Another bonus to claiming on your travel insurance is that some policies will cover 'consequential loss'. This is the 'knock on effect' of any loss. So if your case is delayed and you miss the start of a pre-booked tour waiting around for it, your airline won't cover this but your travel insurance might.

Can I only claim for 'checked-in' luggage?
Carry on luggage is naturally much less likely to be lost as it's usually under the seat in front or overhead locker next to you. But if it's a full flight and you're last on you can end up having to pack your bag in a locker several rows behind.

If this happens, take out anything of value including your money, passport, phone, keys and return tickets. While most travel policies will cover lost or stolen cabin bags, airline liability is limited to 'hold' luggage only, unless you can prove any damage or loss is the direct fault of the cabin crew or airline.

Keep your luggage safe
No system is foolproof so tag bags with your name, destination airport and a contact number. I always write my name and mobile number on a big sheet of paper inside my suitcase.

Most case colours tend to be dark so make use of bright stickers or name straps so yours is easy to spot. This also reduces the chances of someone else picking it up by mistake!

And when it comes to your holiday packing always keep receipts for new luggage or clothes, just in case you later have to prove the value of any items that were in it.

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Lost luggage: your rights

If you are a victim of a strike, or any other event beyond the airline's control (including ash clouds!), they must offer you a refund (in which case it's up to you to find a way home) or an alternative flight. While you are waiting for the flight you have the right to food and refreshment and accommodation.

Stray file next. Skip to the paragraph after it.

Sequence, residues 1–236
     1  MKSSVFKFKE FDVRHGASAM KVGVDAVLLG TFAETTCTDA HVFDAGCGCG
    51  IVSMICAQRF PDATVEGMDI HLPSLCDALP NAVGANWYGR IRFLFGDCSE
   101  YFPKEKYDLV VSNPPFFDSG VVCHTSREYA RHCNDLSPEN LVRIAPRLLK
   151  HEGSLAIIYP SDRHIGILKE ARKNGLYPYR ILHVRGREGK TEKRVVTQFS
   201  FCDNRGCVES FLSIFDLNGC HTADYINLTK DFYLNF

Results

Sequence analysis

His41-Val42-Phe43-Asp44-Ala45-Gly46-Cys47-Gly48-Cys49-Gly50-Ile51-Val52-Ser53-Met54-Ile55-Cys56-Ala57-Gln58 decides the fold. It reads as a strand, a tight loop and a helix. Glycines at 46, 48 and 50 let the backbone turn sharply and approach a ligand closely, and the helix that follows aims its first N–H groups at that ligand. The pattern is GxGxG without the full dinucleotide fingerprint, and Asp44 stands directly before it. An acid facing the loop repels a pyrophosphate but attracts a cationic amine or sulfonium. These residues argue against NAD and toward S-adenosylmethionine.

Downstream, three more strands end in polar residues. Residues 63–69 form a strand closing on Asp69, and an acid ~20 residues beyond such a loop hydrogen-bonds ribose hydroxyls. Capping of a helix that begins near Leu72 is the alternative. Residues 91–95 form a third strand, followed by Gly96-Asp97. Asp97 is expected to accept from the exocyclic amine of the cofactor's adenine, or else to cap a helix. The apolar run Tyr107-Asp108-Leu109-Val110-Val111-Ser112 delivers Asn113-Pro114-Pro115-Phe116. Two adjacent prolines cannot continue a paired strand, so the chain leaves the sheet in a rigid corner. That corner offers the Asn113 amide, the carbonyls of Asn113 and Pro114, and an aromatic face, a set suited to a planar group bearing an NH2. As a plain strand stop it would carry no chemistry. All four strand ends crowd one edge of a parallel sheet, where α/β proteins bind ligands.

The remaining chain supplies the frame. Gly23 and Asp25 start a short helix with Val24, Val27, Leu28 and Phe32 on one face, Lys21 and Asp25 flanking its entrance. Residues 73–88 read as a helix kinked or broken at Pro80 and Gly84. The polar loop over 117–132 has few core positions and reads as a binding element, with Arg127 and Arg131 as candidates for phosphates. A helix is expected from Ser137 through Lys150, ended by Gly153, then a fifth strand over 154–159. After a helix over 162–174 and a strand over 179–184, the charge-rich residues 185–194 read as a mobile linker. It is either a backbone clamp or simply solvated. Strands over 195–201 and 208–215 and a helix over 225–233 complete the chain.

If you are on a package holiday, your tour operator is entirely responsible for looking after you until you get back to the UK.

This is more likely to happen due to the financial crisis, but in some situations you are covered. 

If you pay by credit card and it's over £100, you'll get a refund from the card company. 

Your travel insurance may well cover you too, but check before you go.  

Talk to the airline, and if it is temporarily misplaced they should arrange for it to be sent to your accommodation, and you should be either given cash to cover the essentials in the interim.

If it's completely lost you must wait 21 days and then make a claim for compensation. If you are travelling as part of a package you can claim costs from your operator.

If you are travelling within the EU you need an EHIC card, which gives you access to public healthcare. However, this won't necessarily be free, and if you need extra services such as accommodation for a carer, a helicopter home or a delayed flight, you could end up seriously out of pocket.

The only protection that will guarantee you will be looked after without running up a horrendous debt is by having travel insurance - which often covers up to £10 million of costs.

The most common form of theft is pick-pocketing, followed by theft from a car and bag snatching. Meanwhile, 752,000 of those surveyed had items stolen from their hotel room or villa.

If you have anything stolen, your only protection is insurance. You need to tell the local police immediately and get a crime reference for your travel insurer.